I’ve had an interesting week, I must say. In researching a new academic reporting / transcript program for our school, I got to talk to a lovely person who is the registrar at Sidwell Friends School in DC (where Malia & Sasha Obama go). I’ve never had a more helpful conversation with anyone in the education business. She and I have similar duties and our schools are also similar, although theirs is twice the size. Her offer to be a go-to person if we chose the same system they use restored my faith in people and made me realize again that goes around comes around, and there is always reason to be kind to one another.
Last night was our school’s annual Trustees Dinner, a formal affair held at a very nice restaurant. The food was wonderful, and it’s just one of the ways that our trustees thank the faculty & staff for a job well done. Each year, new hires are asked to stand up at their seat and give a short introduction to themselves. The underlying theme this year was thankfulness for being able to teach. Let me rephrase that. Thankfulness for being able to teach without being a policeman in their classroom. For being able to teach children who are eager to learn. For having the opportunity to create their own lesson plans. One of our new hires ended up in tears at the end of her short speech.
It was a good evening.
I sat with our athletic director who is quite the sly fox. He waited until I had finished two glasses of wine and then asked me if I would come to school early this morning to print some certificates for him to take to the basketball league championship game later on. He’d forgotten to ask me to do them yesterday. And so I woke earlier than I would have liked and drove in the fog to our school. I didn’t mind at all, really. But I told him he owes me one. And when I came home, my husband told me excitedly that there was a hawk in the dogwood tree and could I please come take pictures.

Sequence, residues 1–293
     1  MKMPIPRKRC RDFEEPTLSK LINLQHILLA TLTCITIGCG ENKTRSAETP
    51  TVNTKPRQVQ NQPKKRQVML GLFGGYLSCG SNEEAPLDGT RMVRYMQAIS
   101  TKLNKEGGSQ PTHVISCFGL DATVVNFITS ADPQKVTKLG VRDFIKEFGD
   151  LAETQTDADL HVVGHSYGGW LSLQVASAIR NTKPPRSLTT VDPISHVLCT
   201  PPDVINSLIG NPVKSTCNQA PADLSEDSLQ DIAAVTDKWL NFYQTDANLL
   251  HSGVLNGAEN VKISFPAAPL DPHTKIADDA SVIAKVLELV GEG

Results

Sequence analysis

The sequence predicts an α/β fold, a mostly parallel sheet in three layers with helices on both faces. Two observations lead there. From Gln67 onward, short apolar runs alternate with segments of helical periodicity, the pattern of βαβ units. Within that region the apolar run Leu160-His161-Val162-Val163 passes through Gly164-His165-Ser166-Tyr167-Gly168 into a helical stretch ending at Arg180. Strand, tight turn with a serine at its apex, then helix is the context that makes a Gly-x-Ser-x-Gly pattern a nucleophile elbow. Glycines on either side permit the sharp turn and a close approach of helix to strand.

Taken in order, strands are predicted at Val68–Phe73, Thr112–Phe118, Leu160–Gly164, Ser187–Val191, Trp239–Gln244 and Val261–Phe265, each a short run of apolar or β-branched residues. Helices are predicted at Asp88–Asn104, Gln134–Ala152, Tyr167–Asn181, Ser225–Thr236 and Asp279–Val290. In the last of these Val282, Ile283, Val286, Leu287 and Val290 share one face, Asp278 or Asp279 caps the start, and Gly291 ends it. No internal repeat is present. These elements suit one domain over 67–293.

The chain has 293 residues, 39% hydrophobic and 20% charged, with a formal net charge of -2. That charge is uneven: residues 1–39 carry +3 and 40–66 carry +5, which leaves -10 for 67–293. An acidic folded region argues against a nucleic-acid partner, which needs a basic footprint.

I shot this through the glass in the breakfast nook window, while standing on a chair. The lower glass is covered with wrap to keep out the cold but the windows in the upper level are free of wrap (although kind of dirty, if I must say). This is my favorite image of the group. I love how the feathers are blowing in the wind.
I admire birds of prey and I’m not sentimental enough to cry over what they catch. Good grief - everybody’s got to eat and I am not going to kick myself for having bird feeders.
My husband told me a story of something that happened earlier this week with what he thinks is the same hawk. He said he was eating his lunch in the breakfast nook when suddenly, he saw a flash outside. It was the sharp-shinned hawk and it had perched in the dogwood tree just beyond the window. There happened to be a hairy woodpecker clinging to the suet feeder between the tree and the window but the hawk couldn’t see it because it was on the side that was hidden from the hawk. The woodpecker clung for a full half hour, being very very still until the hawk flew away.
Maybe you don’t find this sort of thing interesting. But I do.
My husband opened the side door for me, very quietly and slowly, so I could slip outside to get these last couple of shots. The ones above and below were not taken through glass.
The hawk saw me, but he didn’t care. George was also outside, sitting under the tree.
And then the hawk moved like lightning to swoop down on something that caught his eye. He missed his target, though, and continued his flight to the trees at the edge of the property.
And all was quiet. Which is what my day has been so far. Gray and quiet ~
Thanks for stopping by, my friends.